Bush calls for Iran to release 4
President Bush demanded Friday that Iran “immediately and unconditionally” release four Iranian Americans held on suspicion of espionage, escalating their detention into a standoff between the two countries.
In a statement released by the White House, Bush said that he strongly condemned the detention of the four, and he insisted that their presence in Iran “poses no threat.”
“These individuals have dedicated themselves to building bridges between the American and Iranian people, a goal the Iranian regime claims to support,” he said.
Bush added that he was disturbed that the Iranian government had refused to provide details about former FBI agent Robert Levinson, who disappeared in March while visiting Iran on private business. Bush called on Iran’s leaders “to tell us what they know about his whereabouts.”
The four detainees are Haleh Esfandiari, director of the Middle East program at the Woodrow Wilson International Center for Scholars in Washington; Kian Tajbakhsh, with George Soros’ Open Society Institute; journalist Parnaz Azima, with U.S.-funded Radio Farda; and Ali Shakeri, a peace activist and founding board member of the Center for Citizen Peacebuilding at UC Irvine.
Esfandiari, Tajbakhsh and Azima were formally charged this week with espionage and endangering Iranian national security. Relatives and colleagues deny the charges.
Bush’s comments signaled the administration’s growing concern over a situation that threatens U.S. diplomatic efforts to reach agreements with Iran on ways to stabilize Iraq and a compromise on the Iranian nuclear program.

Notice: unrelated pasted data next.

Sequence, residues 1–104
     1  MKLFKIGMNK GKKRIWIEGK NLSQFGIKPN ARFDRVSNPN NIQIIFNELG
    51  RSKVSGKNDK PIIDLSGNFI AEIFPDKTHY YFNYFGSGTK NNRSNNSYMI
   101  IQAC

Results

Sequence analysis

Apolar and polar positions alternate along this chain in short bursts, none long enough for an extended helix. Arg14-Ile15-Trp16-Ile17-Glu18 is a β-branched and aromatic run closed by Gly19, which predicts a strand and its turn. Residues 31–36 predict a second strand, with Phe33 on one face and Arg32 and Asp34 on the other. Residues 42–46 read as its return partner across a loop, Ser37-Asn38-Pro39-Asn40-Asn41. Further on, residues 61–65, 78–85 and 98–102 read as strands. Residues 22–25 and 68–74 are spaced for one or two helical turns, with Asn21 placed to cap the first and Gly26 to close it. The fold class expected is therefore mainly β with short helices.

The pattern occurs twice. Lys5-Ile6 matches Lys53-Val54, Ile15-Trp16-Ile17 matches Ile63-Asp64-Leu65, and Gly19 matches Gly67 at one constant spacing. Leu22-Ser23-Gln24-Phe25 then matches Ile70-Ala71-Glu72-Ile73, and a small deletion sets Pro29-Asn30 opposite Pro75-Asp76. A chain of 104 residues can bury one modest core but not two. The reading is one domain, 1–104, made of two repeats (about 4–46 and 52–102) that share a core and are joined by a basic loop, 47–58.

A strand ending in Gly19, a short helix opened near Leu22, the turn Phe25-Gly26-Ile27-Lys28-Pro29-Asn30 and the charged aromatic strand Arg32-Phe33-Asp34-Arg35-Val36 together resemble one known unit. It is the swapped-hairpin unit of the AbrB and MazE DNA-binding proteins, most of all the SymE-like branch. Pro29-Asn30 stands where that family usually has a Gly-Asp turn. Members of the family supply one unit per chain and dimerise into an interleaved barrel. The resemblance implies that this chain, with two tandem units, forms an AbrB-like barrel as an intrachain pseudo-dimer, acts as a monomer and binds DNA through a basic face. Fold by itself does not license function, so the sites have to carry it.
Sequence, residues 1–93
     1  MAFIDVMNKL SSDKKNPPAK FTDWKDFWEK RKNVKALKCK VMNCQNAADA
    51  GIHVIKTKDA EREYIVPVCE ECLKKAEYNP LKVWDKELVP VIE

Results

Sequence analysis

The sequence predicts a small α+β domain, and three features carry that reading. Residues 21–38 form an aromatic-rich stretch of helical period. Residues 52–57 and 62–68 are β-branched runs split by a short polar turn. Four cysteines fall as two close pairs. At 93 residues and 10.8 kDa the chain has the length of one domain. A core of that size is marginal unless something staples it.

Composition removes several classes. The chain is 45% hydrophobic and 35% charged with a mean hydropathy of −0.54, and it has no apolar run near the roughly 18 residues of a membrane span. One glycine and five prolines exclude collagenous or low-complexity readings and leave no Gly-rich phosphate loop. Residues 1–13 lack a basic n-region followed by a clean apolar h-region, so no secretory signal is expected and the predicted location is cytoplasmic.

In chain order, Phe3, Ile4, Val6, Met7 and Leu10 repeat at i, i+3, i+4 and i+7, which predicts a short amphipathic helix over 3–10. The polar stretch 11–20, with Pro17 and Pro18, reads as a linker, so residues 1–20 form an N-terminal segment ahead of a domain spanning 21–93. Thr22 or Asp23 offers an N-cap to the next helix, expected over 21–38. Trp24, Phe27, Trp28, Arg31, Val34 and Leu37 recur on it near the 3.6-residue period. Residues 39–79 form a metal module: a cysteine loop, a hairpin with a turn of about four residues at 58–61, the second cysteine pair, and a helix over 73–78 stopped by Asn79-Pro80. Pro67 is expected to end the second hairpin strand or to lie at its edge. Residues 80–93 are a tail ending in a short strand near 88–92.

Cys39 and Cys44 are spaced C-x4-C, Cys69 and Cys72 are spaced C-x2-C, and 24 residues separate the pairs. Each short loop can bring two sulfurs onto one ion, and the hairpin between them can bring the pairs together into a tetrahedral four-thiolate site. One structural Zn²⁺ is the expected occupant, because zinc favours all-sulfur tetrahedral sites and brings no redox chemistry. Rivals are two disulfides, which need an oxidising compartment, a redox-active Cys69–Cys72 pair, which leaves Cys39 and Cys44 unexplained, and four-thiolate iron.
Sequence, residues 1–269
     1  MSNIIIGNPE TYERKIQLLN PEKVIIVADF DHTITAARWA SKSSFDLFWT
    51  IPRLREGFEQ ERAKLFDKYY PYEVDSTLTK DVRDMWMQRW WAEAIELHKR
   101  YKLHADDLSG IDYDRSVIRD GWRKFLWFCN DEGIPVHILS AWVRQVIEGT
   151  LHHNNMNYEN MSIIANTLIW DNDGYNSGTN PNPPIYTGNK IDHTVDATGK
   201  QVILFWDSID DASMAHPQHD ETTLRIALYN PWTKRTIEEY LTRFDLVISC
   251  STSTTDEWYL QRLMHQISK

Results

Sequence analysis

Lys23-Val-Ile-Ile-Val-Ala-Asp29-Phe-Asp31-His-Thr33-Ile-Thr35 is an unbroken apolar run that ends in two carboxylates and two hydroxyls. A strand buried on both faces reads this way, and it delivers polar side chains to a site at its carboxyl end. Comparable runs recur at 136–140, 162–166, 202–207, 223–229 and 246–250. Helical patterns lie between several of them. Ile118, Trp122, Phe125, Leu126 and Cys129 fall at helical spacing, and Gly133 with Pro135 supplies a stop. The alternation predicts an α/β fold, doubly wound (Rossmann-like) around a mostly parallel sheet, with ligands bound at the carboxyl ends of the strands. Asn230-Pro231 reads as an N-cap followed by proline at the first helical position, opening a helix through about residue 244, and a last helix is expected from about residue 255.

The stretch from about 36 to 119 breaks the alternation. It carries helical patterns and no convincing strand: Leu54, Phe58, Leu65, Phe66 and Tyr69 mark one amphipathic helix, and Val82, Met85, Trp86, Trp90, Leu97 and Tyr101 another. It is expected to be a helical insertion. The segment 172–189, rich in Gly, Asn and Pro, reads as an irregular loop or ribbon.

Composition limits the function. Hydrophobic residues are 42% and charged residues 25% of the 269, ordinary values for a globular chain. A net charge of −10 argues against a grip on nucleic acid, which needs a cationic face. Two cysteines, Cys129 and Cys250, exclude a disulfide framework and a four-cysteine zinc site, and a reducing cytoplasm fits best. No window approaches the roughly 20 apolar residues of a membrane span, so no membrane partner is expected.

Although those efforts are top priorities for the White House, the Bush administration also faces growing pressure in the United States to act to secure the release of the Iranian American prisoners, experts said.
Members of Congress, presidential candidates and others have called for action on the detentions, which some have compared to the hostage-taking at the U.S. Embassy in Tehran in 1979.
Bruce Riedel, a former CIA and National Security Council official, said the detentions may be a sign that policymakers in Iran want to increase pressure on the United States.
“There is real risk that actions on the ground are going to overtake the very late [U.S.] effort to start a diplomatic process,” said Riedel, now with the Brookings Institution.
Iran is showing signs of a “very heady, and dangerous, mixture of confidence and paranoia” in its dealings with the United States, Riedel said. Though confident that its power in the region is growing and America’s is waning, Iran hopes to teach Washington not to intervene in the Middle East, Riedel said.
When Tehran hears of American money going to Iranian reform groups and sees news reports suggesting possible U.S. action against Iran, “all these things contribute to a very explosive brew.”
Trita Parsi, president of the National Iranian American Council, believes the decision to hold the four Iranian Americans was pushed by “hard-line elements who basically want to obstruct the talks -- to poison the well and make it more difficult for the diplomacy to work.”
Chief among them are groups that control the country’s huge industrial conglomerates and fear that engagement with the U.S. would force an economic restructuring that would threaten their wealth, Parsi said.
Parsi said the crisis demonstrated that it was untenable for U.S. officials to hold talks with Iran on the subject of Iraq while excluding other points of dispute from the discussion.
U.S. officials have said they are trying to win the release of the four primarily through the Swiss diplomats who speak for Washington in Tehran. The United States has not had a diplomatic relationship with Iran since the 1979 hostage crisis.
This week, Secretary of State Condoleezza Rice said the arrests were “really just a perversion of the rule of law.”